You will also need to know what type of RAM is required. Some computers require very specific types of RAM to operate. For example, your computer may only work with 60ns-70ns parity EDO RAM. Most computers are not quite that restrictive, but they do have limitations. For optimal performance, the RAM you add to your computer must also match the existing RAM in speed, parity and type. The most common type available today is SDRAM.

Additionally, some computers support Dual Channel RAM configuration either as an option or as a requirement. Dual Channel means that RAM modules are installed in matched pairs, so if there is a 512MB RAM card installed, there is another 512 MB card installed next to it. When Dual Channel is an optional configuration, installing RAM in matched pairs speeds up the performance of certain applications. When it's a requirement, as in computers with the Mac G5 chip(s), the computer will not function properly without matched pairs of RAM chips.

 

Before you open your computer, check to make sure you won't be voiding the warranty. Some manufacturers seal the case and request that the customer have an authorized technician install RAM. If you're set to open the case, turn off and unplug the computer. Ground yourself by using an anti-static pad or wrist strap to discharge any static electricity. Depending on your computer, you may need a screwdriver or nut-driver to open the case. Many systems sold today come in tool-less cases that use thumbscrews or a simple latch.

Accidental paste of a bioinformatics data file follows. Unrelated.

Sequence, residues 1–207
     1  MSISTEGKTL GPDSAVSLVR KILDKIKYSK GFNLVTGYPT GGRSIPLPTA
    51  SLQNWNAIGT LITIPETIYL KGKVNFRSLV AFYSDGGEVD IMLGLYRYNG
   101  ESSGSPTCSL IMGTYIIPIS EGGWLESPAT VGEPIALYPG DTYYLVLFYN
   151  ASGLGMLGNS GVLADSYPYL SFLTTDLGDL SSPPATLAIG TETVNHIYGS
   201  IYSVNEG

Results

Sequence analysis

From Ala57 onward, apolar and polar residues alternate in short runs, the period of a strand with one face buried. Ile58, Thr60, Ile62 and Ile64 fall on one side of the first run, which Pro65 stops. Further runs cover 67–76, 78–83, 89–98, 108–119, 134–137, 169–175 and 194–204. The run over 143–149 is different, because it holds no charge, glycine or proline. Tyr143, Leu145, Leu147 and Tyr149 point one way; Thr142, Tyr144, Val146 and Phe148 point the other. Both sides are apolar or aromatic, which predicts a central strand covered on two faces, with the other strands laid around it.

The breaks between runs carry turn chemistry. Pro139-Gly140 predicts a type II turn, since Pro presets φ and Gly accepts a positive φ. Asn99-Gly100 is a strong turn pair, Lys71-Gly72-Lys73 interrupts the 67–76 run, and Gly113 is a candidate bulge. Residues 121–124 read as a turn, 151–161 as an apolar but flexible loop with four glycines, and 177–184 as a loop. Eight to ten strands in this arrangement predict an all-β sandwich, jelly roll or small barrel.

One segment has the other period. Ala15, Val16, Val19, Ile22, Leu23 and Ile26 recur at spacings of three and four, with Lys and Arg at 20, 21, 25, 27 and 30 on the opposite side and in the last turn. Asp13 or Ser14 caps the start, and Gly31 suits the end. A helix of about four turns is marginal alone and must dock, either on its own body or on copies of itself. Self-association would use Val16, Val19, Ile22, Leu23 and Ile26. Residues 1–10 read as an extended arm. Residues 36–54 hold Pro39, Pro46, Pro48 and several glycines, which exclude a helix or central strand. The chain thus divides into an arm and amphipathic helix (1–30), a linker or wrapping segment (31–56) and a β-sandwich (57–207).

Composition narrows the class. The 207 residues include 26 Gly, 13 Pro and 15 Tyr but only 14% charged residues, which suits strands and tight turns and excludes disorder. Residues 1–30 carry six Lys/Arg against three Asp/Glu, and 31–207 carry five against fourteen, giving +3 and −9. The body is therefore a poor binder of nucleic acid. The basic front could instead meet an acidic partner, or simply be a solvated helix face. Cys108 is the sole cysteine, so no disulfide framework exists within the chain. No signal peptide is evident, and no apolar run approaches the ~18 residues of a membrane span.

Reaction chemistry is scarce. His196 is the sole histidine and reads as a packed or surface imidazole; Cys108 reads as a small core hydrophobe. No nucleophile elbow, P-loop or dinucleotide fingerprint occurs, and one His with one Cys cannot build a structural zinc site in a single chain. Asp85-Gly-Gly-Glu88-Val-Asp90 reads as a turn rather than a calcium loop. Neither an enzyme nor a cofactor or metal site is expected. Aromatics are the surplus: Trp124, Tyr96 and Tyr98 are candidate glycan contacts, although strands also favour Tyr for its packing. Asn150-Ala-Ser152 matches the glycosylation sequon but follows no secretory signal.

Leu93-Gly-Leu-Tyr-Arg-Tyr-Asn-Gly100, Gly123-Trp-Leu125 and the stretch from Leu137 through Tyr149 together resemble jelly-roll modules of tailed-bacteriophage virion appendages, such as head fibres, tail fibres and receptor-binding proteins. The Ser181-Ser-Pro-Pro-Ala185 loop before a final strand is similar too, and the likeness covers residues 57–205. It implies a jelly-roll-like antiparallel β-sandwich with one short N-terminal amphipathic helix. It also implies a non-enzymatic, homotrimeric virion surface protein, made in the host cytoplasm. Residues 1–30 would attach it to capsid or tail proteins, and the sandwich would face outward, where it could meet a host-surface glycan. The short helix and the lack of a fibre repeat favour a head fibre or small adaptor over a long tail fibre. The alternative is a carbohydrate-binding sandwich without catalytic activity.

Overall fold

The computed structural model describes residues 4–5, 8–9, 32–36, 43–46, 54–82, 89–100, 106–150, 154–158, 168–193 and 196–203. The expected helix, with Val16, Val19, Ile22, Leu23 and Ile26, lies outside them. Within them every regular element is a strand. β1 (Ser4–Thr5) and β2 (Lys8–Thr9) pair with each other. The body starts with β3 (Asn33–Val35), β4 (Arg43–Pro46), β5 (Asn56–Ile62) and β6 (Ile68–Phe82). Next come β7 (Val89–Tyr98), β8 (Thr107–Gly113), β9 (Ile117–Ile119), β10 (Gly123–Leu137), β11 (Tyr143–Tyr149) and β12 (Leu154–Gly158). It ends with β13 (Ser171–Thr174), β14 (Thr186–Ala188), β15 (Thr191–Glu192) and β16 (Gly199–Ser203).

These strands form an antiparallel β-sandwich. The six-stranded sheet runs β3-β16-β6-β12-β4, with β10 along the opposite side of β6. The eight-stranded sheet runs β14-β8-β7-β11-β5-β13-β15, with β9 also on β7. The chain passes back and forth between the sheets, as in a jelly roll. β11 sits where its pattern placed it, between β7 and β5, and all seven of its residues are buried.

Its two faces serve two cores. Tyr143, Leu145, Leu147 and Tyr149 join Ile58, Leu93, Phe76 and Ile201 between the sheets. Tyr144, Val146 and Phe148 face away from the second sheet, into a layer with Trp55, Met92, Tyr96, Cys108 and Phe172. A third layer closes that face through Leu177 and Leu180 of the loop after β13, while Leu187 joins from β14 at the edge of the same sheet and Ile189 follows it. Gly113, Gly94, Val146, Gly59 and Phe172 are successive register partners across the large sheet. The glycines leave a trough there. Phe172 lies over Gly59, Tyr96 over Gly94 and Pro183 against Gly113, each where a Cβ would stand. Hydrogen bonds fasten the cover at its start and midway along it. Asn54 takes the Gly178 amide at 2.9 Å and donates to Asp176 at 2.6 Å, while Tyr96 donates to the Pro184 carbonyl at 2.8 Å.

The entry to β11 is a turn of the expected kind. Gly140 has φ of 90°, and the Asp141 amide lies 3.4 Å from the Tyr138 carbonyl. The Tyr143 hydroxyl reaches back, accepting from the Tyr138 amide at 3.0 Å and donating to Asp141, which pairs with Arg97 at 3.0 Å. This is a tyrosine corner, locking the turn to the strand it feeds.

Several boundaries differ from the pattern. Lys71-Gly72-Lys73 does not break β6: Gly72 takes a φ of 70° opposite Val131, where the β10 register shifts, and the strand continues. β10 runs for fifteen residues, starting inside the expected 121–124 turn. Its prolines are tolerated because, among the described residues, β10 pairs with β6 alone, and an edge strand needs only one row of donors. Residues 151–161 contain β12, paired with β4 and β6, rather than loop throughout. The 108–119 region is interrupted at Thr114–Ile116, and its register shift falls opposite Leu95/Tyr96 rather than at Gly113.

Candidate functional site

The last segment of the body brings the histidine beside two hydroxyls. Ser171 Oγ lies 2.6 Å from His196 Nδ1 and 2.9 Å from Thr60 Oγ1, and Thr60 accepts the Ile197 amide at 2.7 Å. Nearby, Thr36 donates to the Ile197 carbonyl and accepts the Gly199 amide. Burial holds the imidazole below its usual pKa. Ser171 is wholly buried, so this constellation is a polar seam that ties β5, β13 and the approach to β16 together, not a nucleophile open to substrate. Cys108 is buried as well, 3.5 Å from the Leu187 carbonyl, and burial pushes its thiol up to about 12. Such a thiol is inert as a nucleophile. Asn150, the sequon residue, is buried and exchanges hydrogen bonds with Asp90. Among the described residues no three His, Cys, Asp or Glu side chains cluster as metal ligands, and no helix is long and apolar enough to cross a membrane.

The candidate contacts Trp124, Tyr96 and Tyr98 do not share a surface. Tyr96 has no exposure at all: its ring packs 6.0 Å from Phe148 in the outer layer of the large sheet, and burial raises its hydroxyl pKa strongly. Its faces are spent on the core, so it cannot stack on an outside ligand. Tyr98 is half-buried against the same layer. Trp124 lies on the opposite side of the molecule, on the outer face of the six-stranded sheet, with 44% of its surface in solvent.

To install more RAM, look for memory modules on your computer's motherboard. At the left is a Macintosh G4 and on the right is a PC.

The actual installation of the memory module does not normally require any tools. RAM is installed in a series of slots on the motherboard known as the memory bank. The memory module is notched at one end so you won't be able to insert it in the wrong direction. For SIMMs and some DIMMs, you install the module by placing it in the slot at approximately a 45-degree angle. Then push it forward until it is perpendicular to the motherboard and the small metal clips at each end snap into place. If the clips do not catch properly, check to make sure the notch is at the right end and the card is firmly seated. Many DIMMs do not have metal clips; they rely on friction to hold them in place. Again, just make sure the module is firmly seated in the slot.

Once the module is installed, close the case, plug the computer back in and power it up. When the computer starts the POST, it should automatically recognize the memory. That's all there is to it!

Jason * Perth* Australia * 6169
Copyright of all documents and scripts belonging to this site by Jason's PC Passion.  2004. Most of the information contained on this site is copyrighted material. It is illegal to copy or redistribute this information in any way without our expressed written consent . This site is NOT responsible for any damage that the information on this site may cause to your system.